Ellie’s* parents could see that something was troubling their daughter. Bedtimes had become a battleground and primary school pupil Ellie was so anxious that she couldn’t even go to the bathroom alone. Attempts to calm her down escalated into arguments that involved the whole family. Her difficult behaviour was also affecting her school work.
Happily, Ellie – and her parents – were able to get help from an innovative ‘whole family’ support programme, which embraces all schools in Merton. Since it started three years ago, the Mental Health Support Team model has helped scores of families across the borough, and has since been rolled out across South West London with 16 teams working across the six boroughs.
Levels of anxiety have risen among children and young people in recent yearsAnnika Clark, consultant clinical psychologist
“Levels of anxiety have risen among children and young people in recent years,” says Annika Clark, Consultant Clinical Psychologist at South West London and St George’s Mental Health NHS Trust. “Since COVID, many young people are struggling with anxiety-related attendance issues at school. Secondary schools are particularly concerned about students who are presenting with high levels of risk and suicidal thinking.
“The Mental Health Support Teams have an early intervention and prevention remit, which provides holistic support to young people and their families across home and school. The help is there as soon as young people show signs of concerning behaviour.”
There are three teams working with school ‘clusters’ across Merton made up of between 12 and 20 schools. Each cluster supports a minimum of 8,000 pupils. In addition, Merton shares a one of their teams with Sutton for Special Education Needs (SEND). A Further Education College cluster also supports Merton College and further education colleges in the other five boroughs of South West London.
The teams offer individual interventions for mild to moderate anxiety, low mood and behaviour difficulties. In primary schools they work with parents and pupils. In secondary schools they work directly with young people, linking in with parents as appropriate.
Before these teams were established, children experiencing behaviour difficulties would be referred to Children and Mental Health Support (CAMHS), which sometimes involved a long wait or was not the most suitable service. The in-school nature of these teams means children can get support at a much earlier point.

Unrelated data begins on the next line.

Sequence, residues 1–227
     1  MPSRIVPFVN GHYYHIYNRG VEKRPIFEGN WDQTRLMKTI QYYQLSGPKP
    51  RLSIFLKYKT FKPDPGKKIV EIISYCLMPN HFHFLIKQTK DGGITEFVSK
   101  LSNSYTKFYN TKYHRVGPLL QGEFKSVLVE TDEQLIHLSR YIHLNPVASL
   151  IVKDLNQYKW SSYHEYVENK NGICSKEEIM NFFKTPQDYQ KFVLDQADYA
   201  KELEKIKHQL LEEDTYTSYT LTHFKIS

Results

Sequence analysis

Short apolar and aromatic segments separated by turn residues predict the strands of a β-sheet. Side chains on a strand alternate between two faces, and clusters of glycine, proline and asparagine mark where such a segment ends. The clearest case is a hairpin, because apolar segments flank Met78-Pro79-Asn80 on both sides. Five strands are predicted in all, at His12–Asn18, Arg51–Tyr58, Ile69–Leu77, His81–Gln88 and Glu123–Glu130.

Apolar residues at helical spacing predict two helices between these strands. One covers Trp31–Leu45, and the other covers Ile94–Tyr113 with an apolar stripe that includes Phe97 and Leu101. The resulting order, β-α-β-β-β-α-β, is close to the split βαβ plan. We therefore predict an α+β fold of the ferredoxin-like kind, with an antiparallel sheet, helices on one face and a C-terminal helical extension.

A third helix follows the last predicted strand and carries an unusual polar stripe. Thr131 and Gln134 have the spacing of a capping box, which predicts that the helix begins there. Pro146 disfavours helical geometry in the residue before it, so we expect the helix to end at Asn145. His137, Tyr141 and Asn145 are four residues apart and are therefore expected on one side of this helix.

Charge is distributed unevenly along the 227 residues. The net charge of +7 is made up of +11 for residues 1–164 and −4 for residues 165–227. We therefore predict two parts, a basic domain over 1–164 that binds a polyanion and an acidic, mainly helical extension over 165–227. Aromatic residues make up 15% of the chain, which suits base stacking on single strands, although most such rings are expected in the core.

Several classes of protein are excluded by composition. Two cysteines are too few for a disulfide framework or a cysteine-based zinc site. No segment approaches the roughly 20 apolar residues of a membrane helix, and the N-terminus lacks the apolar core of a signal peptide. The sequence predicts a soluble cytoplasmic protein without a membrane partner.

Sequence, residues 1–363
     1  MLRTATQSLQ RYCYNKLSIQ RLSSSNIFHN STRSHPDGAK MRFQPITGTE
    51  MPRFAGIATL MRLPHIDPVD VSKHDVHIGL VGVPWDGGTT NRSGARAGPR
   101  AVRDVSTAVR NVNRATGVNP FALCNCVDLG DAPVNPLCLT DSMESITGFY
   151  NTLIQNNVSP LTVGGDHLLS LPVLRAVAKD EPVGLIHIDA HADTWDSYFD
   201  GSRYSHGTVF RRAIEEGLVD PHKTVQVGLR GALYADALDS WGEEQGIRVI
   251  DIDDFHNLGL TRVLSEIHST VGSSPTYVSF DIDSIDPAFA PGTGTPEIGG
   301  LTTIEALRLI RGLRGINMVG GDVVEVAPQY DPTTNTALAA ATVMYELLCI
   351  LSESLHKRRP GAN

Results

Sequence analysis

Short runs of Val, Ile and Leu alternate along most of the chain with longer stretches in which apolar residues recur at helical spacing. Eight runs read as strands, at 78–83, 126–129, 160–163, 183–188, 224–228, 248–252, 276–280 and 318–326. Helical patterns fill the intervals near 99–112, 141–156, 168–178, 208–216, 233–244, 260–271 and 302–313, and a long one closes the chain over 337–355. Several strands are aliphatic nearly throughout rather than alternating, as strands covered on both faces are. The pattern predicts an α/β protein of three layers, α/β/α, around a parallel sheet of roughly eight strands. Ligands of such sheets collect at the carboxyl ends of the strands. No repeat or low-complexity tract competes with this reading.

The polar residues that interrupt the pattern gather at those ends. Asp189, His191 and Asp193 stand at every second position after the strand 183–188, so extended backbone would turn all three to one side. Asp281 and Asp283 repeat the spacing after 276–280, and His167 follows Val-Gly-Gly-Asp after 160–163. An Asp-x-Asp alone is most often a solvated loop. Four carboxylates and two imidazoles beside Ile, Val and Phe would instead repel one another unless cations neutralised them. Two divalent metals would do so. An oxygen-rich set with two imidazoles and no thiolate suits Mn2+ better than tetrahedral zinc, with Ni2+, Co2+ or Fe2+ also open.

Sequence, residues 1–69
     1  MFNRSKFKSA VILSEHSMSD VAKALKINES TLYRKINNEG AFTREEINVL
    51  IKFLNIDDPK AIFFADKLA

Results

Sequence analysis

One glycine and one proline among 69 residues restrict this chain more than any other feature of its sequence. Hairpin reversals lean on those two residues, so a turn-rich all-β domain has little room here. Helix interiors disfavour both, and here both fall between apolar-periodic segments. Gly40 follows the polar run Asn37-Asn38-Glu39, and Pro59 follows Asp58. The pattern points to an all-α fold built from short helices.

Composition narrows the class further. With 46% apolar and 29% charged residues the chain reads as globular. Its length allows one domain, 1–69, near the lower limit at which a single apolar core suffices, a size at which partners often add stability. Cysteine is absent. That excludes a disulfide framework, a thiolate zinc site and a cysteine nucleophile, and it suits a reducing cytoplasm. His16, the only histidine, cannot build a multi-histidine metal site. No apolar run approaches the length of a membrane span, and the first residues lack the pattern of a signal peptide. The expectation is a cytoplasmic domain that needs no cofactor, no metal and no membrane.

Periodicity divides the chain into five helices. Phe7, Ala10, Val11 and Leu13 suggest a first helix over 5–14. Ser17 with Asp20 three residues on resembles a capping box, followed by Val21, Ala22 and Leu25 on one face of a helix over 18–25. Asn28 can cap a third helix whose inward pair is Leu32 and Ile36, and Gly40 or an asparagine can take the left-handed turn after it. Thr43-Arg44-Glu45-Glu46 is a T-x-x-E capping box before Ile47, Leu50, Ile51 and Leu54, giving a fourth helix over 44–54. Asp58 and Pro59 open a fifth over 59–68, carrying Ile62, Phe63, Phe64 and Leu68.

All schools have a mental health lead – usually a teacher – and some schools employ a targeted mental health in schools worker, who meets families to discuss issues. Young people can also be referred to educational wellbeing practitioners who work for the mental health support team.
Unless your mental health is in the right place you can’t fulfil your school potential.”Izzy Rickards, head teacher at Holy Trinity School
“We use a ‘whole school’ approach to children’s mental welfare,” says Annika. “Staff are offered training in mental health issues and consultation space to discuss any families and pupils they are concerned about. Student assemblies, anxiety management workshops and parent workshops ensure that the whole school is involved in promoting – and supporting – young people’s mental welfare.”
In Ellie’s case, the whole family’s involvement was vital, according to Izzy Rickards, Ellie’s head teacher at Holy Trinity School in Wimbledon (pictured above).
“Ellie is naturally a happy and friendly child and her parents are caring and supportive. The family was supported through a six session programme called ‘Parent-led Guided Self-Help for Child Anxiety’, which was run by Merton’s education wellbeing service,” says Izzy. By introducing boundaries and learning calm-down strategies, Ellie and her family were able to work together towards new patterns of behaviour which have also been reflected in her school performance.
“Children spend the majority of their time in schools,” Izzy points out. “Unless your mental health is in the right place you can’t fulfil your school potential. We want children to feel open to discuss their issues and have launched a nurture class room for Key Stage 2, where children can talk about their anger and worries and work out strategies.”
Pupil, staff and parent surveys are used to gather information about the mental well-being of the whole school community and there is a picture of ‘who you can talk to’ in every classroom.
All the teachers at Holy Trinity have an important role to play in building up the whole school approach. They are encouraged to be open and honest to pupils about their own struggles to normalise talking about mental health.
Our students are more comfortable talking about mental healthJames Potter, chaplain, Wimbledon College
James Potter, the chaplain at boys’ secondary school, Wimbledon College, has recently take up the role of mental health lead. He says the Mental Health Support Teams and whole school approach mean young people are getting support at an earlier stage, before mental health issues have got too severe.
“Our students are more comfortable talking about mental health. They also feel more knowledgeable about noticing its signs in themselves or others, and how to access support.
“They benefit from talking about their needs with an adult. This helps them to understand a variety of different mental health and wellbeing issues which are relevant to young people and helps them to support their friends as well.”
*Ellie is not her real name, her story has been anonymised.